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Workshop Entries

15 Jun 2017 03:40 #54806 by Dru1076
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rebel4life wrote:

rebel4life wrote:
OK, first of all, I'd really like to thank bigtime all the 4 contributors to this WS, I very much appreciate all the time and efforts you put into this.

I've read only Element X by DKC so far, not by actual choice, but because it appeared first on the list, and it was really an outstanding read.

However ...

Warning: Spoiler! [ Click to expand ]


And, come to think about it ....

Warning: Spoiler! [ Click to expand ]
Still an awesome story, though, and just my two cents.


The same could be said of my story. I was surprised by how similar at the core Element X and my entry are. I understood that the given power had to be central to the story, and I think Element X stays true to that. It's the l first power she steals, because it was used against her to motivate her, and it's through obtaining it that the main character discovered her ability.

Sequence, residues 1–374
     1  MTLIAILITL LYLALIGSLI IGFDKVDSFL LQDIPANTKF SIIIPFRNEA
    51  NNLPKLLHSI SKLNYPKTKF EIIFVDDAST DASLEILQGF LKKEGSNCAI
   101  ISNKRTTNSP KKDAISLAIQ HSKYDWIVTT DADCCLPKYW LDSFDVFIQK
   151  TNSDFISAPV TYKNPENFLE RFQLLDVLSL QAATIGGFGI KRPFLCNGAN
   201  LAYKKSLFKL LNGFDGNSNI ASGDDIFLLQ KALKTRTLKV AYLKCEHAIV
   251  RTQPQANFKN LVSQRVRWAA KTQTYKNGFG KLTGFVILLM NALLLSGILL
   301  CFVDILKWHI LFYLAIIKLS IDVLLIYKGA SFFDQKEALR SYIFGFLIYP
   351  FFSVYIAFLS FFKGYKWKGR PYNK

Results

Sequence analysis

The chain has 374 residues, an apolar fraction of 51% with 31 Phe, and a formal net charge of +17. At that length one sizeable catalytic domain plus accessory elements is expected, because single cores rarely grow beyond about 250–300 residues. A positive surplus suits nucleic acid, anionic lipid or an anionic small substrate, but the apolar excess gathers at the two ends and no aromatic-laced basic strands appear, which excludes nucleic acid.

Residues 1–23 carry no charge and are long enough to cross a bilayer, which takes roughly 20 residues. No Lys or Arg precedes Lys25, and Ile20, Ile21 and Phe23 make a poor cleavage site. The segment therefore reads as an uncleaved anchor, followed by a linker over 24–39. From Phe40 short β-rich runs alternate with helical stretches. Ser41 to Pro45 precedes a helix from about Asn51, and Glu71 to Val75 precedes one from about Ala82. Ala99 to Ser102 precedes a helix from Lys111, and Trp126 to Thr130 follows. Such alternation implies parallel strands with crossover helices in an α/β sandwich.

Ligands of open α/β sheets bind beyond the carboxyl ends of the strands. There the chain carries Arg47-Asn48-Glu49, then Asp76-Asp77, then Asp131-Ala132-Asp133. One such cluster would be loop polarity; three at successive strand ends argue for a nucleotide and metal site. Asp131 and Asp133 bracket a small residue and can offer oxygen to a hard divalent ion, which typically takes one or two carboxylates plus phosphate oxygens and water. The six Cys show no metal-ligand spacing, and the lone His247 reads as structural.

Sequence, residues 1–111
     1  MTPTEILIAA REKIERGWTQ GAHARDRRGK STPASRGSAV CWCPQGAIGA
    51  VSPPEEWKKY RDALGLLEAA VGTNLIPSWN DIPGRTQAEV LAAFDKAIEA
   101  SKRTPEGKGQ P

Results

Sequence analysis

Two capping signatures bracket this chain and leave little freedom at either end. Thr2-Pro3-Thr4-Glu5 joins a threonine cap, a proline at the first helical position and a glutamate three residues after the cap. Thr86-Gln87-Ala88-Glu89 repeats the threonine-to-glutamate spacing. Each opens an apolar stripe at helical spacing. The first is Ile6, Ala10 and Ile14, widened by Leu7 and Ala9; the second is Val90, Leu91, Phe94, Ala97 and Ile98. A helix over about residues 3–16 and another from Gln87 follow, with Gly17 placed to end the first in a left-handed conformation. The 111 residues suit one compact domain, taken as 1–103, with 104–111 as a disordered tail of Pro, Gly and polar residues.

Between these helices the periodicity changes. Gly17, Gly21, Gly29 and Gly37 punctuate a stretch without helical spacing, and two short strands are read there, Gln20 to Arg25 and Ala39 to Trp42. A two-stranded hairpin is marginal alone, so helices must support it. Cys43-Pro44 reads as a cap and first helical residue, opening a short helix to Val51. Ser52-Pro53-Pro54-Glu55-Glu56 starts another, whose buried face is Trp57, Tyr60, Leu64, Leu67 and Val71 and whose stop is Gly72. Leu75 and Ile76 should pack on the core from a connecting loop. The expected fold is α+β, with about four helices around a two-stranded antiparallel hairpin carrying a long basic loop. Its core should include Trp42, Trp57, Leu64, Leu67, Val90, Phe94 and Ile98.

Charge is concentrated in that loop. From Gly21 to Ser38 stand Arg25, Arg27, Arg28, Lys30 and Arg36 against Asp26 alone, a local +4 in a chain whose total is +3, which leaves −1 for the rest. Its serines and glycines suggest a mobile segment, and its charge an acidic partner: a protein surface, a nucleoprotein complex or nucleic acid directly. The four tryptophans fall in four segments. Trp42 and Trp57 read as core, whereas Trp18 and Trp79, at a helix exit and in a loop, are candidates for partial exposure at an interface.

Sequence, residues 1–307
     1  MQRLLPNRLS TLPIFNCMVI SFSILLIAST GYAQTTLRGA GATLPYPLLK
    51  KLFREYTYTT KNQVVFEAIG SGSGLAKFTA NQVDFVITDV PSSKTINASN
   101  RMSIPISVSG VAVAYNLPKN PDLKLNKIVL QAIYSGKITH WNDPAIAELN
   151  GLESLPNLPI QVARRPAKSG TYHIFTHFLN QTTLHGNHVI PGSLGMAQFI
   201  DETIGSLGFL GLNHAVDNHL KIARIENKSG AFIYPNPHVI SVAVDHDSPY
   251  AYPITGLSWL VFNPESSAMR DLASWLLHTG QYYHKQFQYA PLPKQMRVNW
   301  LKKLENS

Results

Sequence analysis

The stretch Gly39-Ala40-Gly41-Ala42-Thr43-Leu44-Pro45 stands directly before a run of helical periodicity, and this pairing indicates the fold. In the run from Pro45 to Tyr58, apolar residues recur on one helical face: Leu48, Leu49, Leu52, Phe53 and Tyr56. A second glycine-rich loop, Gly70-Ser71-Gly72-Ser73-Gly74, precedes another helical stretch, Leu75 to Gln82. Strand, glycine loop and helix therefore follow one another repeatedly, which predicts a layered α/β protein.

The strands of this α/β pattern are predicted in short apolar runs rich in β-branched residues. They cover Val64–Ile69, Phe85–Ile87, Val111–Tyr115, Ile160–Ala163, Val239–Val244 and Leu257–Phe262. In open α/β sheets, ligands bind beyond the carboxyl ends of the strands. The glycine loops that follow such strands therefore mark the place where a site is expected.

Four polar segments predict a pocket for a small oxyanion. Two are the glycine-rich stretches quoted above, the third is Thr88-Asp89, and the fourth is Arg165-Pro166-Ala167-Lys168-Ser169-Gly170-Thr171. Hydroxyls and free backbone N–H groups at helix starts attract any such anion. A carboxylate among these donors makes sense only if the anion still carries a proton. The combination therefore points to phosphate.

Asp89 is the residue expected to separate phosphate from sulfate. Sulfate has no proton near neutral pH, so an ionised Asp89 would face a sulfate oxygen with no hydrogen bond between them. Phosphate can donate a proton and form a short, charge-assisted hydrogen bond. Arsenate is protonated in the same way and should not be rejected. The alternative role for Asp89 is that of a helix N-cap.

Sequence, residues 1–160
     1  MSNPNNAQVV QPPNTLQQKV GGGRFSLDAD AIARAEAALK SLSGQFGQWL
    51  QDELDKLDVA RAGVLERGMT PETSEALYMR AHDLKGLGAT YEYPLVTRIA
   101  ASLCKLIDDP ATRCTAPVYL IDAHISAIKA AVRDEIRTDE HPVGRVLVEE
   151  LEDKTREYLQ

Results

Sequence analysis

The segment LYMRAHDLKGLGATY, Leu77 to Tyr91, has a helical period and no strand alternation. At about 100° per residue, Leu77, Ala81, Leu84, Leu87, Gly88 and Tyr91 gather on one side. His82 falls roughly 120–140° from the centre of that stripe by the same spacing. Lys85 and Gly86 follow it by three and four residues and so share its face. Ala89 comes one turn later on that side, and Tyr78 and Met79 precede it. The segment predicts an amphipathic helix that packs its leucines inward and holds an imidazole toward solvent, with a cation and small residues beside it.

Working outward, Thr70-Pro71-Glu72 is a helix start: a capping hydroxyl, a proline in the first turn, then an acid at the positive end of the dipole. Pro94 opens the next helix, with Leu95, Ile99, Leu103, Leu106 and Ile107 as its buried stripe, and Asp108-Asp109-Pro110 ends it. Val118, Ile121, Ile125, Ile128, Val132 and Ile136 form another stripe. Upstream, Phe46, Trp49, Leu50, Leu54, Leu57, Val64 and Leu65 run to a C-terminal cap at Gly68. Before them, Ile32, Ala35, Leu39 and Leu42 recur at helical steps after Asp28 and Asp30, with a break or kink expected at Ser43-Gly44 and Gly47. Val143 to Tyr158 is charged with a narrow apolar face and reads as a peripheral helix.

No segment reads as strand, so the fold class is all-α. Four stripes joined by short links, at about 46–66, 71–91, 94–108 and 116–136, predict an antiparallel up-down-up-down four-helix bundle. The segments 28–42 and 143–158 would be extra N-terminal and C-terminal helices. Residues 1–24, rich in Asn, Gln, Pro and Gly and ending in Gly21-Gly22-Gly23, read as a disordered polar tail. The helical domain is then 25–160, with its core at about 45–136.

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15 Jun 2017 03:52 #54807 by rebel4life
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Dru1076 wrote:
The same could be said of my story. I was surprised by how similar at the core Element X and my entry are. I understood that the given power had to be central to the story, and I think Element X stays true to that. It's the l first power she steals, because it was used against her to motivate her, and it's through obtaining it that the main character discovered her ability.